In 2009, the U.S. Department of Education made grants to eleven school districts under the Technical Assistance for Student Assignment Plans (TASAP) program. The impetus for the program came from the Council of Great City Schools, which was concerned that school districts would respond to a recent Supreme Court decision by dismantling policies with integrative aims. We analyze the design of the TASAP program, its implementation by the USED, and how the grantee districts used the funds, and find that TASAP’s effects were mixed. Five districts represented examples of “successful” implementation, using the grant funds in ways that prioritized diversity. Six demonstrated “subverted” implementation, using funds in ways that met local needs but moved away from the diversity goal.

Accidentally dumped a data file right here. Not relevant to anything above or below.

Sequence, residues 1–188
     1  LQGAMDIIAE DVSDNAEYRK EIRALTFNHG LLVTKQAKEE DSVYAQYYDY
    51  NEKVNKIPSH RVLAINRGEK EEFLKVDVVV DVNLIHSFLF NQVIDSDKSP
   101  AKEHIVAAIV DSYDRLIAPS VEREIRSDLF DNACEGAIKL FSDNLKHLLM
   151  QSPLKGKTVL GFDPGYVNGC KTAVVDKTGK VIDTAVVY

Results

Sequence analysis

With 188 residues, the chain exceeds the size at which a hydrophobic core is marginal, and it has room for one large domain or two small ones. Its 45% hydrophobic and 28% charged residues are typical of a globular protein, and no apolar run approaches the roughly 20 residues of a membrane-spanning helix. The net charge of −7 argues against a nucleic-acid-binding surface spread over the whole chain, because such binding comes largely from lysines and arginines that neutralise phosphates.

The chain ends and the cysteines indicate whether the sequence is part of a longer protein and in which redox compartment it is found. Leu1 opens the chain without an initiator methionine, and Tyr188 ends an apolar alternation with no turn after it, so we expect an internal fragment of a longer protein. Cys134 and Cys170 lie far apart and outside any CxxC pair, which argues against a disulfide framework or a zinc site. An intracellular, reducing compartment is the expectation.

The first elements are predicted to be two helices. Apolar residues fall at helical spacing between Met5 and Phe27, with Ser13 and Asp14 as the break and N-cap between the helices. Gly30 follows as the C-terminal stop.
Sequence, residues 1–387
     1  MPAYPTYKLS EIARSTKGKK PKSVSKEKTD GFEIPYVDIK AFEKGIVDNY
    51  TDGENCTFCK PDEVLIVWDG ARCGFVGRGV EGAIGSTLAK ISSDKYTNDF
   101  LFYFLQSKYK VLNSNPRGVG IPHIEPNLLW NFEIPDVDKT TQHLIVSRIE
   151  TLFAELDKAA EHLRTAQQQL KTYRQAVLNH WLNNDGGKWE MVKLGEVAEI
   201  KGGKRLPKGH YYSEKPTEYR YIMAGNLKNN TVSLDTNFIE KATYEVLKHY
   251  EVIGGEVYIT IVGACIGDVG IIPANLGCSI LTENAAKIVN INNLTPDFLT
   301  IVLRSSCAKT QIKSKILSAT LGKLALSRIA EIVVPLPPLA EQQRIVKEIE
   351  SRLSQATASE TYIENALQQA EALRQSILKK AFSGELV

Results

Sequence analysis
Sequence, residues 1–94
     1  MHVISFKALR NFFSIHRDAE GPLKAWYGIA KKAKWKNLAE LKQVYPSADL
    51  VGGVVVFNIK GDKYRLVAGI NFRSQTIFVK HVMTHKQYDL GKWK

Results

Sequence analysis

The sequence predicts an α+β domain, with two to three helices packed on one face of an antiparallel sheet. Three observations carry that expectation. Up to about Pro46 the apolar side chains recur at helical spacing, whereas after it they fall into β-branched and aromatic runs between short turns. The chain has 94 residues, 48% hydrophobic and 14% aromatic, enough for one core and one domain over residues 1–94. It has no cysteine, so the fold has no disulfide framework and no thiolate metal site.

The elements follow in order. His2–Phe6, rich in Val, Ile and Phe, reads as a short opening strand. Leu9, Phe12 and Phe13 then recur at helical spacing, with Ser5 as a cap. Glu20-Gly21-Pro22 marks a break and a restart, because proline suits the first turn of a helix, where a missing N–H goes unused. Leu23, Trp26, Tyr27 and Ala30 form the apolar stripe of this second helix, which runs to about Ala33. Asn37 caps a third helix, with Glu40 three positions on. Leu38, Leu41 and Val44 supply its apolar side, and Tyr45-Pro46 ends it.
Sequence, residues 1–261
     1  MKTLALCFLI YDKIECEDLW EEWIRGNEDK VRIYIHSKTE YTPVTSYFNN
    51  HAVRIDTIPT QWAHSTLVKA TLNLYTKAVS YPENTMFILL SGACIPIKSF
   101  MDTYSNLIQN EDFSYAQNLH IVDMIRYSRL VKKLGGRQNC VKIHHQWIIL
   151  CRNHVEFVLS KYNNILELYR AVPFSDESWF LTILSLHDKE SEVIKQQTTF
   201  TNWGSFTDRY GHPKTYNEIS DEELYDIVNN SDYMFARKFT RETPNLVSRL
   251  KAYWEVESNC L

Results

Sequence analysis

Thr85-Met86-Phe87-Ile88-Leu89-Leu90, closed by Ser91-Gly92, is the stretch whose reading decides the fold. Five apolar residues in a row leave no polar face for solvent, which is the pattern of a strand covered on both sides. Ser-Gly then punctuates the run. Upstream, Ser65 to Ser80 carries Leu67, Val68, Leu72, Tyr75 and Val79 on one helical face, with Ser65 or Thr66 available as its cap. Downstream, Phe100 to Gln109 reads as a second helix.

|Translated title of the contribution||Lessons from a federal grant for school diversity: Tracing a theory of change and implementation of local policies|
|Journal||Education Policy Analysis Archives|
|State||Published - Sep 7 2015|
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